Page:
1. Junior Member
Join Date
Oct 2007
Location
Oregon
Posts
2

## why 6' apart

why is it that the 2nd ground rod has to be spaced six feet from the first?

2. Originally Posted by jayrush13
why is it that the 2nd ground rod has to be spaced six feet from the first?
Lets be clear, it does not have to be spaced 6' from the first, it must be at least 6' from the first, they could be 20' apart.

The reason they have to be at least 6' apart is because the closer they are together the less effective the second rod is.

If you placed them side by side the second rod would do almost nothing.

I believe this is due to the resistance of the soil.

3. I agree with Bob 6' is a minimun . Two times the length of the rod would be better.
From;

Bringing Grounding Down to Earth

Don't let the rules and requirements intimidate you. Grounding isn't as mysterious
as you might think.

By Tim Janof, P.E.

(published in EC&M, February 2005)
....The Code requires you to space rods
at least 6 feet apart [250.53(B)]. However,
this spacing is a minimum
and far from
ideal. When using the typical 8-foot or 10-
spacing the rods at least 16 or 20 feet apart,
respectively. This is much greater than the
Code minimum 6-foot spacing.
Ground rods spaced less than two
rod-lengths apart will interfere with each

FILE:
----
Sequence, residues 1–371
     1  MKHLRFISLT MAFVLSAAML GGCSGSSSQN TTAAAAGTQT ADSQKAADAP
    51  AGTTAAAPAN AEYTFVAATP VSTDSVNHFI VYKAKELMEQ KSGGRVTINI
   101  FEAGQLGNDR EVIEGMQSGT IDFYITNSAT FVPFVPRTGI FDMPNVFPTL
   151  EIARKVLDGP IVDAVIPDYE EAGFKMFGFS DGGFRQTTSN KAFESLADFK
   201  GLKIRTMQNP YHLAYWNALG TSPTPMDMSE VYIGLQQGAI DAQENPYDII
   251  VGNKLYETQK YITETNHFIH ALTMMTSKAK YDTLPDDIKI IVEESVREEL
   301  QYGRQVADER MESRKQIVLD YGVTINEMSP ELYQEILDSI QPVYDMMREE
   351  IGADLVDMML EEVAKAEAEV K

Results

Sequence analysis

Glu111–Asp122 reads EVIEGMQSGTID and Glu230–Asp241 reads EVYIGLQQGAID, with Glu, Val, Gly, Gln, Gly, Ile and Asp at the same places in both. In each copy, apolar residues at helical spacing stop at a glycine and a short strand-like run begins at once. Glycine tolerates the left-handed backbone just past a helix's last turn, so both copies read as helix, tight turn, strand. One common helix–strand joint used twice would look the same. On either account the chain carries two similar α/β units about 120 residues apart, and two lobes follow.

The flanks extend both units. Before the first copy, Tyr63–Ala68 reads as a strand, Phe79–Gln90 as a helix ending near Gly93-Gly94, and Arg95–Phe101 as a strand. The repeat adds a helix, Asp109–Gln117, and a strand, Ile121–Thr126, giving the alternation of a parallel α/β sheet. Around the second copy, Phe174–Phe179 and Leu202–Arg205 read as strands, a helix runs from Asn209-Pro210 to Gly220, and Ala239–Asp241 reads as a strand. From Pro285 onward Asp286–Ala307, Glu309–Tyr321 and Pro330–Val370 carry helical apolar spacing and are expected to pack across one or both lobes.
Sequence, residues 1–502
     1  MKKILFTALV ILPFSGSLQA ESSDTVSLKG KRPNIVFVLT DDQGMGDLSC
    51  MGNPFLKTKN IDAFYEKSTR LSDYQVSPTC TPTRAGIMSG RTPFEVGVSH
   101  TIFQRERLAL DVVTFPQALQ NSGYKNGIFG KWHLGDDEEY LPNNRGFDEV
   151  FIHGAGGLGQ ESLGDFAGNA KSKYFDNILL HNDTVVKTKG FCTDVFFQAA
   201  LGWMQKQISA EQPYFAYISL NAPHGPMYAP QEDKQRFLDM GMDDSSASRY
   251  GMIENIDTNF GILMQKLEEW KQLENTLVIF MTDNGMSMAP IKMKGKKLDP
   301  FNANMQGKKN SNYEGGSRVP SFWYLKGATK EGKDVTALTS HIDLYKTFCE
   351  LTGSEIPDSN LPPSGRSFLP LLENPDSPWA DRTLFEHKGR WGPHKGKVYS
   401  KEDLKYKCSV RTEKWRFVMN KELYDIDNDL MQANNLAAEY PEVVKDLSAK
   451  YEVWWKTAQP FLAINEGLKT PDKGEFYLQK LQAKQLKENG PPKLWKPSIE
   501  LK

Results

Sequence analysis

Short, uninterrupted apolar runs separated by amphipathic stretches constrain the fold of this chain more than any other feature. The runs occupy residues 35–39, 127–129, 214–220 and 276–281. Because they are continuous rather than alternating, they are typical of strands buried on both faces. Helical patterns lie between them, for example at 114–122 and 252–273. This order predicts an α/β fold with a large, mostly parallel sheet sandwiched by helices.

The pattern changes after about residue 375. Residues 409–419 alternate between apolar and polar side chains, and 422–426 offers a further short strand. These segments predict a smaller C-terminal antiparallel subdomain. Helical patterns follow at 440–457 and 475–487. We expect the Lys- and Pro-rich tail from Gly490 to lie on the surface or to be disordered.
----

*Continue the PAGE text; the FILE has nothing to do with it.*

other because their effective resistance areas
will overlap (Figure 2A). For reference, see
IEEE-142 and Soares Book on Grounding.
The overlap increases the net resistance of
each rod, making the grounding electrode
system less effective than if the rods were
spaced farther apart (Figure 2b)......

4. Senior Member
Join Date
Feb 2003
Location
Florida
Posts
7,637
Per A.4.13.2.4 of the NFPA 780, "No benefit is gained from the second ground rod if placed closer than the length of the longer rod. No additional benefit is gained if the second rod is placed over four times the length of the longer rod."

5. When current flows through the rod, it creates "spheres of influence" in the soil. If the spheres of influence touch each other, it effectively makes both rods as one. There are other variables, but that is generally the reason why the rods actually should be apart from each other at least the length of the longest rod as Bryan pointed out.

6. Because the Code making panel likes even numbers otherwise it would have been 7 feet.

7. 6 ft is a number that is used a lot in the NEC. distance from a sink, maximum length of flex w/o EGC, maximum length of bonding jumper.
At some time, long ago, someone figured this all out.

8. Tom

Are you saying the CMP actually figured out 6' was a minimum effective distance or that 6' was a nice sounding number that works in a variety of instances.

9. Originally Posted by tom baker
6 ft is a number that is used a lot in the NEC. distance from a sink, maximum length of flex w/o EGC, maximum length of bonding jumper.
At some time, long ago, someone figured this all out.

...in a land far, far away!!! :grin:

10. They where sitting in a meeting and one of them stretched their hands as far apart as possible and said "How 'bout this far"?

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